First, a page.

Car Show

One of the classic cars featured at a past Flags and Honor of Minnesota car show.

From Humvees to modern muscle cars, the 9th annual Flags and Honor of Minnesota Car, Bike, Truck and Tractor Show on Aug. 6 is sure to have something for every car lover.

“We have, in the past, had everything from the early 1900 Model A up through the 50s, 60s and 70s muscle cars,” said Flags and Honor of Minnesota President Scott Bradley. He has also seen 30s, 40s and 50s street rods and modern vehicles at past shows, as well.

The free event takes place in City Square Park in Chaska and runs from 10 a.m. to 2 p.m. There will be a silent auction, music and a variety of food and beverage options. This year’s silent auction will feature items such as professional sports team tickets and donations from local businesses.

There’s a $10 entry fee per show vehicle and Flags and Honor asks that those showing their cars also donate a nonperishable food item or make a small cash donation that is given to Bountiful Basket Food Shelf.

“We’re not out to be the biggest car show in the world, but we’re proud to be the best car show in the world,” Bradley said. “If it’s a beautiful sunny day, we’ll get 150+ cars down there.”

Spectators can also expect to see a variety of tractors and motorcycles at the event. “Pretty much everybody is welcome to our show with their vehicle,” Bradley said.

But, according to Bradley, the real VIPs of the event are the military vehicles. “There’s going to be a new Humvee down there; there’s going to be what I call a deuce and a half, which is a big truck; some type of howitzer on a mobile trailer; and we’ll have jeeps, all that kind of stuff.”

Awards are given out to the best vehicles at the show. Those who bring show entries have the opportunity to vote for their favorite vehicles in a top 21 ranking system. Scorecards are tallied up and 21 trophies are awarded at the end for cars and trucks and separate top three awards for tractors and motorcycles.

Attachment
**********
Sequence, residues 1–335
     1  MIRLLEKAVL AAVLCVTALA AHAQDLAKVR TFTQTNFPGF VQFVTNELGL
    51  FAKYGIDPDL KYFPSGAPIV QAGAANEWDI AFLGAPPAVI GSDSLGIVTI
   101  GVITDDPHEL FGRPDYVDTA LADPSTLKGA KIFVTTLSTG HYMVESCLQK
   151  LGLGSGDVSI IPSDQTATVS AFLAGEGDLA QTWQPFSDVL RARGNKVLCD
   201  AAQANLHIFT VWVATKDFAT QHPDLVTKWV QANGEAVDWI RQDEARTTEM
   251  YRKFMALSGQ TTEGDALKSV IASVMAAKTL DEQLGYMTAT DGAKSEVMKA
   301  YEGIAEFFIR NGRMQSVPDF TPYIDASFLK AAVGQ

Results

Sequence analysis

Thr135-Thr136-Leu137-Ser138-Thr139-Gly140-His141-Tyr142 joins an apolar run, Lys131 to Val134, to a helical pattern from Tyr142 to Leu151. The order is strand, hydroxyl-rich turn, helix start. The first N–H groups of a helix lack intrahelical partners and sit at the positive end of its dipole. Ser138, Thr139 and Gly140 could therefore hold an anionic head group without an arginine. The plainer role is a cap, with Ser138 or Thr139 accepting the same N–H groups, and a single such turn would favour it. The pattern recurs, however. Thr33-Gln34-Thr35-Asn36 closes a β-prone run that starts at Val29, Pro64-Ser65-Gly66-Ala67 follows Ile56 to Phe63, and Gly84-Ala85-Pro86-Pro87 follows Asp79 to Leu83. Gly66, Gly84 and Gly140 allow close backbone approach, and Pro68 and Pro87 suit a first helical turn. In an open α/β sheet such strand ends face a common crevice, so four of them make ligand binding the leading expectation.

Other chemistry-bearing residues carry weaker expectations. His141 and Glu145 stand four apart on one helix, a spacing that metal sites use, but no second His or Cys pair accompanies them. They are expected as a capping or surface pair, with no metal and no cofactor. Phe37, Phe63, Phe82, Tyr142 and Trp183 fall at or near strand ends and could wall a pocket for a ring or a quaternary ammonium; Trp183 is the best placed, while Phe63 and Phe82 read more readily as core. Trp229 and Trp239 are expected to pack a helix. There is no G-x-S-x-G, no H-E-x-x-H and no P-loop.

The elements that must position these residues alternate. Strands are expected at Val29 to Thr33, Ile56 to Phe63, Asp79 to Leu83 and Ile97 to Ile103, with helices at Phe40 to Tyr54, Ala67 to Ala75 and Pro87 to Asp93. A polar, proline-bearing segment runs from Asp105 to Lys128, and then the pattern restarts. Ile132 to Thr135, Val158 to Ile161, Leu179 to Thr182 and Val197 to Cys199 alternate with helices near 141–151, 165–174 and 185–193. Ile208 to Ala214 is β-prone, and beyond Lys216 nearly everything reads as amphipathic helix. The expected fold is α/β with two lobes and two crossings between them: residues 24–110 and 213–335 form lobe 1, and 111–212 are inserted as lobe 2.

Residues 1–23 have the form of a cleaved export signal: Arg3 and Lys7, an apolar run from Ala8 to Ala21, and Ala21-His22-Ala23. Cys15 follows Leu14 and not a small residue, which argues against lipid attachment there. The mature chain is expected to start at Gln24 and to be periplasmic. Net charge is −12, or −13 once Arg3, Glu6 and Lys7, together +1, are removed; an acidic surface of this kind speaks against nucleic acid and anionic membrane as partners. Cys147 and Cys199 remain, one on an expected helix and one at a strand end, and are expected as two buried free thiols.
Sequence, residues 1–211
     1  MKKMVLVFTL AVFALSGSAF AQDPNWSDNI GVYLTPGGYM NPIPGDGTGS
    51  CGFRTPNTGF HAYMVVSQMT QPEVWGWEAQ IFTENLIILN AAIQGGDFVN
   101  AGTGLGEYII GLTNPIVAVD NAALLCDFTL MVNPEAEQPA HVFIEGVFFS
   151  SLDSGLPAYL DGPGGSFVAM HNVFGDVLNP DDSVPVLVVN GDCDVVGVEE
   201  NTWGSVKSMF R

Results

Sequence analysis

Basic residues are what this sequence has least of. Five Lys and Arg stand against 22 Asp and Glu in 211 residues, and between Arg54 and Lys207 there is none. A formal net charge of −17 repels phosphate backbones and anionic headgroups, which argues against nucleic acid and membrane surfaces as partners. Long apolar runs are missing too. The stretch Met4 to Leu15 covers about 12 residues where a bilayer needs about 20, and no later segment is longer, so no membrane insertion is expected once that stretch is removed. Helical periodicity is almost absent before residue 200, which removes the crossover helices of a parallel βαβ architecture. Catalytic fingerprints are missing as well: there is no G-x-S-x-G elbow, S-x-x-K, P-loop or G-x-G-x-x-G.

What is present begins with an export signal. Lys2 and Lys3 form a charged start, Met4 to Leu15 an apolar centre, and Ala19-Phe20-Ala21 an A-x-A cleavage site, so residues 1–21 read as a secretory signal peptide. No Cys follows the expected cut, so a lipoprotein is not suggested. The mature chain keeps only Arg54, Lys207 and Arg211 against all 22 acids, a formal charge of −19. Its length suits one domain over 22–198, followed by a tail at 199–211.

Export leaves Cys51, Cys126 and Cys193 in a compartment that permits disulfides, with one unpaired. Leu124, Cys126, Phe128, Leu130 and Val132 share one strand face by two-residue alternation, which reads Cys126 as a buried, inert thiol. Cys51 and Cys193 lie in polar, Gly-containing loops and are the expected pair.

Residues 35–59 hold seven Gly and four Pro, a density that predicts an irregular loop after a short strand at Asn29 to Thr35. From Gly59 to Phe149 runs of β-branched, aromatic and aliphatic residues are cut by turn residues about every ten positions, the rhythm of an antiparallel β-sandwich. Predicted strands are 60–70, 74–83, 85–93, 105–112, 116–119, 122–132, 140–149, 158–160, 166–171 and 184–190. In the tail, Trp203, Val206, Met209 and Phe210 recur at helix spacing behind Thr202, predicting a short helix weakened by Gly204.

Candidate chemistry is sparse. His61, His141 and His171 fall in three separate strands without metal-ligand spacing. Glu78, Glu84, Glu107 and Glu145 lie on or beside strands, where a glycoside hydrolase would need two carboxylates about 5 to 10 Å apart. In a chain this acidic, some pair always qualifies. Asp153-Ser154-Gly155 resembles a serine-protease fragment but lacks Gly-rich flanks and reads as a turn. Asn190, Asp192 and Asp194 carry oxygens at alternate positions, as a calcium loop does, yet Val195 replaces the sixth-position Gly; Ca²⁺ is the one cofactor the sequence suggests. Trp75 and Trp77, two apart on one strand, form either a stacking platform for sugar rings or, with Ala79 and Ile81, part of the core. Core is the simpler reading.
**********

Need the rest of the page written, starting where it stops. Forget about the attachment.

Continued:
“It’s fun, you know, it’s a great family event,” Bradley said. “We keep our food and beverage costs down and we want it to be affordable for a mom and dad to be able to bring their family down for a hamburger or hotdog, and a pop or beer, and not break the bank.”

The car show cooks all of its own food under Bradley’s business license and the cost of beverages is donated by the Chaska Lions.

All funds raised from the event will go toward the nonprofit and its work to support veterans.

“We’re 100% volunteer and not one of us takes one penny out of the organization,” Bradley said.

Public parking is available around the park and golf carts will provide accessible touring of the show for those who need it. Spectators with a disability who need the extra boost around the show can be picked up at the handicap parking spots located on Highway 41.

The car show is sponsored by Chaska American Legion Post 57, the City of Chaska, My Pillow, King Cargo Vans, Lenzen Chevrolet/Buick, Priority Envelope and Cuzzy’s Brickhouse Restaurant and Bar.

FLAGS AND HONOR

The car show is the largest event of the year for the organization, but the volunteers keep busy throughout the rest of the year, as well.

“We’ve got a couple of things that we have to fund internally to make us operate as far as insurance and things like that. Otherwise, you know, 98% of our income goes directly back to local veterans and their families,” Bradley said.

The organization provides Honor Guard assistance to local American Legions and VFWs when requested, has two buglers on hand to play taps at military funerals and supports veterans and their families in any other way it can.

“Maybe there’s a veteran on deployment right now and the spouse is here and with the kids and needs some additional help,” Bradley said. “Maybe it’s planting flowers or raking the yard, lawn mowing, snow removal, all kinds of different stuff. When the phone rings, we never know what the need is gonna be.”

With thousands of dollars being raised at the car show every year, Flags and Honor of Minnesota intends to continue the event as long as it can to continue supporting families.

“All the things that happen to you and I, happen to those folks too,” Bradley said.

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